02 Dec 2009
Otello in San Francisco
Sir Peter Hall created this production of Otello at Chicago Lyric Opera in 2001.
During this exploration of music from the Austro-German Baroque, Florilegium were joined by the baritone Roderick Williams in a programme of music which placed the music and career of J.S. Bach in the context of three older contemporaries: Franz Tunder (1614-67), Dietrich Buxtehude (1637-1701) and Heinrich Biber (1644-1704). The work of these three composers may be less familiar to listeners, but Florilegium revealed the musical sophistication - under the increasing influence of the Italian style - and emotional range of this music which was composed during the second half of the seventeenth century.
Charismatic charm, vivacious insouciance, fervent passion, dejected self-pity, blazing anger and stoic selflessness: Zazà - a chanteuse raised from the backstreets to the bright lights - is a walking compendium of emotions. Ruggero Leoncavallo’s eponymous opera lives by its heroine. Tackling this exhausting, and perilous, role at the Barbican Hall, The soprano Ermonela Jaho gave an absolutely fabulous performance, her range, warmth and total commitment ensuring that the hooker’s heart of gold shone winningly.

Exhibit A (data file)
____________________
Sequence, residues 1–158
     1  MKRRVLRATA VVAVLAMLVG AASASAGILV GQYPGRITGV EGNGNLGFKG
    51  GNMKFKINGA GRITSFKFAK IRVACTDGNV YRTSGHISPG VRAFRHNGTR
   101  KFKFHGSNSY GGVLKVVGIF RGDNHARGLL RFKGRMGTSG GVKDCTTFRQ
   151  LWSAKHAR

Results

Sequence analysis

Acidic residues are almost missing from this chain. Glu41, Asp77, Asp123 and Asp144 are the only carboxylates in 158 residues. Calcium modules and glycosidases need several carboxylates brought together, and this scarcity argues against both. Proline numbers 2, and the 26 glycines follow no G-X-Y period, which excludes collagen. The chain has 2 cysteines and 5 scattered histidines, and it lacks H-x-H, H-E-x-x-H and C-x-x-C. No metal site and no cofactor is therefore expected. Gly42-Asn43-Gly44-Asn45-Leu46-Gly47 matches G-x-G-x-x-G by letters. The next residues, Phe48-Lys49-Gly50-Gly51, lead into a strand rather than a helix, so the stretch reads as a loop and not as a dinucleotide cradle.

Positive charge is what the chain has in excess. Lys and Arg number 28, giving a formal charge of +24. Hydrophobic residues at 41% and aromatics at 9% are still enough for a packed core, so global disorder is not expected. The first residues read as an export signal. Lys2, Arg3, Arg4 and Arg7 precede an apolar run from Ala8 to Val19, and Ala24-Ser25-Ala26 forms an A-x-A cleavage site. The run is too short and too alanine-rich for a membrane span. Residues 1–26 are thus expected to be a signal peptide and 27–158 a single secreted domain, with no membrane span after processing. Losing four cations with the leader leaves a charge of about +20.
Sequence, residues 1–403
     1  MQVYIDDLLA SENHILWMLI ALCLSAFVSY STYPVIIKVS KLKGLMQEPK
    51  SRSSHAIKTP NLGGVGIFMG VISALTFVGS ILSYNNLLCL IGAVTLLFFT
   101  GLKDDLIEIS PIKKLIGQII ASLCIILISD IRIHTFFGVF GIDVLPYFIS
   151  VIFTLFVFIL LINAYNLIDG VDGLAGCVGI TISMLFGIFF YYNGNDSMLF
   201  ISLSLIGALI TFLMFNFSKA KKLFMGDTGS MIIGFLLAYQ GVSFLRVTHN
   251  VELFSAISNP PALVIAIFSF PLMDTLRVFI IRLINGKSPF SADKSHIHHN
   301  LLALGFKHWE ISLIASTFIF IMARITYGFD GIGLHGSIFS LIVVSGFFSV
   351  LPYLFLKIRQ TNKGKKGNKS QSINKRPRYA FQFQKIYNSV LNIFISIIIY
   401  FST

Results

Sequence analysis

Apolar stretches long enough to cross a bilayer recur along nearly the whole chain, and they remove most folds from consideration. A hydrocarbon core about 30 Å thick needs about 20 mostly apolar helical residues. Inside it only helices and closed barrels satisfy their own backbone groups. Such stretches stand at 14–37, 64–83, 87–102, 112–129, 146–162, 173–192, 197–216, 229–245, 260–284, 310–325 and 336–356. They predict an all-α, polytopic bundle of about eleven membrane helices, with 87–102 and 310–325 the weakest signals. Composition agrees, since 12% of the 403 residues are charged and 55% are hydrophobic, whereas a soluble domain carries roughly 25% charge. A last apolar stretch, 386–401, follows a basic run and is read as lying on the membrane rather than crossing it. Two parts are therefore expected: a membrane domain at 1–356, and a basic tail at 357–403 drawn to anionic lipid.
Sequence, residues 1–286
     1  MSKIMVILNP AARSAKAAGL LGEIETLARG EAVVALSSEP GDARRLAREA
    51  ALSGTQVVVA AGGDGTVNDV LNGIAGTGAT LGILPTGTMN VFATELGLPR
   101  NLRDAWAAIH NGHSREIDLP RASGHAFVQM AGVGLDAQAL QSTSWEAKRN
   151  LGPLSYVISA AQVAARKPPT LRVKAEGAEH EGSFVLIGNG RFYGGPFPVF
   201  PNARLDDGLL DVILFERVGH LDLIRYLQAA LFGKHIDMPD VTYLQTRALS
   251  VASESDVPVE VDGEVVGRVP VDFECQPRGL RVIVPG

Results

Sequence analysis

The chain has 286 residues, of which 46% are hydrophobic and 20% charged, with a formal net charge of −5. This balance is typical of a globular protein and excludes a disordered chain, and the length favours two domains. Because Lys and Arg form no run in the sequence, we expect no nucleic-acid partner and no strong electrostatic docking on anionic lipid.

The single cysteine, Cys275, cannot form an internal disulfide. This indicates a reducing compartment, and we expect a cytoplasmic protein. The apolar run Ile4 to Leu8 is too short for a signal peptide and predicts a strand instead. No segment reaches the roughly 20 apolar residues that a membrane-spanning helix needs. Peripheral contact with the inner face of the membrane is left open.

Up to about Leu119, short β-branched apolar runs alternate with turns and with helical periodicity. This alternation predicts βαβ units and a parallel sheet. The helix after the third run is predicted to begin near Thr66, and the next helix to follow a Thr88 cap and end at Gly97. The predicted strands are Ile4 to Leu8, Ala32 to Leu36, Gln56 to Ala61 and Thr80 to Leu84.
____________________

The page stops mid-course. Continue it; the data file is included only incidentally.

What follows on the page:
‘Stay away from doctors; they are bad for your health.’ This seems to be the central message of L’Ospedale - a one-hour opera by an unknown seventeenth-century composer, with a libretto by Antonio Abati which presents a satirical critique of the medical profession of the day and those who had the misfortune to need curative treatment for their physical and mental ills.
‘In these times of heightened security we are listening, watching ’
Arrigo Boito Mefistofele was broadcast livestream from the Bayerische Staatsoper in Munich last night. What a spectacle !